• Commissions and bonuses: A pay stub includes any additional payments (besides reimbursements) from the employer to the employee, such as commissions and bonuses. [Learn how to calculate bonus taxes.]
  • Taxes: Any federal, state or local taxes withheld from an employee’s check, including those for Medicare and Social Security, are also reflected on a pay stub (and itemized).
  • Health insurance premiums: If you offer health insurance to your employees, any employee payments toward health benefits are included as deductions against the employee’s gross pay.
  • Retirement plan contributions: Contributions to a 401(k), SIMPLE IRA or other employer-sponsored plan are also included if the employee elects such deductions.

While pay stubs may include tips or bonuses paid by the company, they don’t include tips customers directly pay. 

Did you know?Did you know?: Any reimbursements, such as mileage reimbursements and health insurance reimbursements, are also excluded from gross wages, as they aren’t typically considered income.

Why are pay stubs important?

Creating pay stubs is an essential part of processing payroll because they serve as a receipt of payment for employers. They verify that taxes were withheld as required for a given pay period, as were employee deductions for health benefits and retirement plan contributions. [Follow these eight easy steps to process your payroll.]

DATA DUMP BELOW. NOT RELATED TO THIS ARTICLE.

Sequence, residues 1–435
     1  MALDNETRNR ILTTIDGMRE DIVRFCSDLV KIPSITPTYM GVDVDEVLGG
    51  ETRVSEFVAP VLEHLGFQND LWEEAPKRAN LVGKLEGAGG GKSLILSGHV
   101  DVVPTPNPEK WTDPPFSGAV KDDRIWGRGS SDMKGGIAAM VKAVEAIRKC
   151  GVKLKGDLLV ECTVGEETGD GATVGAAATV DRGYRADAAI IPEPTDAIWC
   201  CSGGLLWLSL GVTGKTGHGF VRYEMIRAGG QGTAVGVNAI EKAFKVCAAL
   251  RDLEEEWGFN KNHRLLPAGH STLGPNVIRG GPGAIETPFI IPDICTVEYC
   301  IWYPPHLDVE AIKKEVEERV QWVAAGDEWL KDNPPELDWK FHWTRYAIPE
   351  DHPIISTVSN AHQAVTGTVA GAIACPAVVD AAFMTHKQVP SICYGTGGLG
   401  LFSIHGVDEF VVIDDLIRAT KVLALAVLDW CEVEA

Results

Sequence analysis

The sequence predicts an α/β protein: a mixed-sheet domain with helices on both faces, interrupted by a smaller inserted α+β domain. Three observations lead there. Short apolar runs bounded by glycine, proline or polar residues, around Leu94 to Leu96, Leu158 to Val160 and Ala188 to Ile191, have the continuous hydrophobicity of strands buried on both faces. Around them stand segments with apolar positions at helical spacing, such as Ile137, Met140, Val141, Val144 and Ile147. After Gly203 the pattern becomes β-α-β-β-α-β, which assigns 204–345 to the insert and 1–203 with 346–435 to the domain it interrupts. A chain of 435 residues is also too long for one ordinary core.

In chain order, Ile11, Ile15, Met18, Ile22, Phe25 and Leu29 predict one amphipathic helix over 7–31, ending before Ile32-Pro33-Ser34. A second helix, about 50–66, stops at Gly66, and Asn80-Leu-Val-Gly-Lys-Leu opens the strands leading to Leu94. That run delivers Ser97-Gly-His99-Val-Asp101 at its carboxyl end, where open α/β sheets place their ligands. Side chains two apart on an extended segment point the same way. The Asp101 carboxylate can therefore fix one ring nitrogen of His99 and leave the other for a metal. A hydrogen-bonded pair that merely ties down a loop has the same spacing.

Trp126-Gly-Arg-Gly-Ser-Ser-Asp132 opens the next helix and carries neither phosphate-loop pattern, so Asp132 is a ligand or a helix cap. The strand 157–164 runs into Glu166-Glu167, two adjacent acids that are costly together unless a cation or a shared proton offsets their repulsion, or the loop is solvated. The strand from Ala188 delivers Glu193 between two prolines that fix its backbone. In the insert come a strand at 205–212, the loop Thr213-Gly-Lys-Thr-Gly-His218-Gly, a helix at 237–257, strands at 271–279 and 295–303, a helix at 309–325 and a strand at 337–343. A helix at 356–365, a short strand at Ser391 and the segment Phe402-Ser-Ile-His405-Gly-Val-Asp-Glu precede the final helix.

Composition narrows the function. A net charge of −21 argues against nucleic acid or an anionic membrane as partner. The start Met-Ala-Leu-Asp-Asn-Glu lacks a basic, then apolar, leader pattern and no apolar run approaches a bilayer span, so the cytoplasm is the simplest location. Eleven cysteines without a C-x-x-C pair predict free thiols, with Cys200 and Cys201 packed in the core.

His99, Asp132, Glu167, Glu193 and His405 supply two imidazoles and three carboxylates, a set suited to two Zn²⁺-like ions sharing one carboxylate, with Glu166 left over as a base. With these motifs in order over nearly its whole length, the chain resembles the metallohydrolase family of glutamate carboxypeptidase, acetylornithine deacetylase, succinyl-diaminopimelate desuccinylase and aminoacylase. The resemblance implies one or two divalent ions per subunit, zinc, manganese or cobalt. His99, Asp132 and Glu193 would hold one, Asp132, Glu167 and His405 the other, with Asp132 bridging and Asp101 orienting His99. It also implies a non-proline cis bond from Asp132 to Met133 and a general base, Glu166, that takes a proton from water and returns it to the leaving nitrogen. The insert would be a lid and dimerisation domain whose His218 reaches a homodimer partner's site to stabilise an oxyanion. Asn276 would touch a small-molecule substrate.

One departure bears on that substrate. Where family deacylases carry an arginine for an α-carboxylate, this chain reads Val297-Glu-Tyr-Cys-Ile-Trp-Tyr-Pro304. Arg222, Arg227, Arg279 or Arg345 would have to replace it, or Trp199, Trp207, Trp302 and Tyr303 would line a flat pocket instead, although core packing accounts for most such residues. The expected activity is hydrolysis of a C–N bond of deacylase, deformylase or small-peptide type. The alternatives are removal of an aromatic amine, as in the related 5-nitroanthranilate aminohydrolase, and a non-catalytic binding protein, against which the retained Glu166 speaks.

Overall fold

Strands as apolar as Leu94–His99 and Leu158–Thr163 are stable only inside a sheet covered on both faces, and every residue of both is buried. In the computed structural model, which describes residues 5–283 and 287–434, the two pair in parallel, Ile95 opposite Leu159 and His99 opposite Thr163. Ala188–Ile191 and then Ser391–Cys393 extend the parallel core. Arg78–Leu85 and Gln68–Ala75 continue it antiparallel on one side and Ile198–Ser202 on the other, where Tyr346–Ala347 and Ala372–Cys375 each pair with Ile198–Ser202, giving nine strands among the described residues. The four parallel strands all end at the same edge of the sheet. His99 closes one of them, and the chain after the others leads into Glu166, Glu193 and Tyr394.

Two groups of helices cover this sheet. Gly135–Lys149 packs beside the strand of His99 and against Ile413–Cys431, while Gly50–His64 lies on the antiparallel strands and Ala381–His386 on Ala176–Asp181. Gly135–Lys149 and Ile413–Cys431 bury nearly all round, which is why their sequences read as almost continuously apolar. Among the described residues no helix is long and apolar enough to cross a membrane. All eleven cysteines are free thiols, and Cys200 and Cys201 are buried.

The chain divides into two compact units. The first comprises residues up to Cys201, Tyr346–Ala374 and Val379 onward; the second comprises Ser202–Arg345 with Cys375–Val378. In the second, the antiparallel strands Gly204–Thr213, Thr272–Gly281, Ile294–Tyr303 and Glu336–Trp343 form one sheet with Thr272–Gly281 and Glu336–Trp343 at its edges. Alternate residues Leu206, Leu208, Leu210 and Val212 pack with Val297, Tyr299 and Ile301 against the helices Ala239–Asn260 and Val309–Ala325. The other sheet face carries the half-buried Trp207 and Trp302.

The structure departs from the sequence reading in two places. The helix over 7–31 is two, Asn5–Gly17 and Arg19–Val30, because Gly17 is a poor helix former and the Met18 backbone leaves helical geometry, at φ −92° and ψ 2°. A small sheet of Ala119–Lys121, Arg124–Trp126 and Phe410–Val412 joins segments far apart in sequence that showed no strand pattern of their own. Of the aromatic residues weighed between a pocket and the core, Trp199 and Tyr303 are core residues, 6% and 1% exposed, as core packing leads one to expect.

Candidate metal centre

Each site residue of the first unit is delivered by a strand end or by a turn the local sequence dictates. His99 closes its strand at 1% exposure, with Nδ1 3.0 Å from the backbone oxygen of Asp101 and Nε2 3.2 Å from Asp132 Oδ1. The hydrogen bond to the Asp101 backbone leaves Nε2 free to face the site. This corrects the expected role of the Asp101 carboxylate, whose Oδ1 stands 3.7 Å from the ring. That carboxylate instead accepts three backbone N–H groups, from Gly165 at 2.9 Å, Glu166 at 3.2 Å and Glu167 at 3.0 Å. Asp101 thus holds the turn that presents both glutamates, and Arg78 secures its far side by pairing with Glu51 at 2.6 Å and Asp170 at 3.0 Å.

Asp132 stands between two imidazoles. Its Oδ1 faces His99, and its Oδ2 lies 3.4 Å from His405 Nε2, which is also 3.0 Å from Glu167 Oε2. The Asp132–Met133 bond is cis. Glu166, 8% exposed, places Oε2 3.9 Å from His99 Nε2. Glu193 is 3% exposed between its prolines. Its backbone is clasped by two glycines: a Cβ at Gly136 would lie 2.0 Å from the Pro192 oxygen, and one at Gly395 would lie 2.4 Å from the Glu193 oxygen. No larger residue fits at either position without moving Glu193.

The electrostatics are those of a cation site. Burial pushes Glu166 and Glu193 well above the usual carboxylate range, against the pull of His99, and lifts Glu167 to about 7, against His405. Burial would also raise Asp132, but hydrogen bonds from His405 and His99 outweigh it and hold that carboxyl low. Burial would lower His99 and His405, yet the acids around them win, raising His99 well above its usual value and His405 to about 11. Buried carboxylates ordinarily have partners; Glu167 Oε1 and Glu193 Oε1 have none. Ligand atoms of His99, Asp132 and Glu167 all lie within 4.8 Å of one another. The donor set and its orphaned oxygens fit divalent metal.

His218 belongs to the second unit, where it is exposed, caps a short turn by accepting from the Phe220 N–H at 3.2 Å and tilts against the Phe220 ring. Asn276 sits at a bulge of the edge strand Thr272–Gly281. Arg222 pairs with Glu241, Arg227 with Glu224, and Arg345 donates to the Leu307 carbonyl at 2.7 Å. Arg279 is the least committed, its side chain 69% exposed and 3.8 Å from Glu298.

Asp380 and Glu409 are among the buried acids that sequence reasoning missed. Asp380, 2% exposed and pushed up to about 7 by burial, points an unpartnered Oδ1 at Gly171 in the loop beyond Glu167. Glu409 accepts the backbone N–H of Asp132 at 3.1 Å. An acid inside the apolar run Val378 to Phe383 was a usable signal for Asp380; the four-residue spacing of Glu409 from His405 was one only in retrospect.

While pay stubs are of limited importance to employers, they’re far more significant to employees because they show a breakdown of their pay. They also represent proof of payment, which is important when the employee wants to get a loan. If an employee applies for a mortgage, most lenders request one or two months of pay stubs. 

Who should employers create pay stubs for?

While employers aren’t required by federal law to generate pay stubs, it’s important to create them for all employees. As the business owner, you should also create pay stubs for yourself if you pay yourself a salary. These pay stubs provide proof of gross wages and deductions for taxes and other items; they’re critical if you or your employees want to get a mortgage.

However, it’s important to note that if you own a company set up as an LLC taxed as a partnership, there’s no such thing as salary. Any money paid to owners is considered a profit distribution, and pay stubs probably aren’t necessary. [Related article: Which LLC Taxes Must Your Business File?]

Key TakeawayFYI: If your business pays independent contractors, you can still generate pay stubs, though they’ll be abbreviated if you aren’t withholding funds for taxes or other benefits. However, a copy of the contractor’s invoice and a canceled check are often a sufficient payment record.

How to make a pay stub for your employees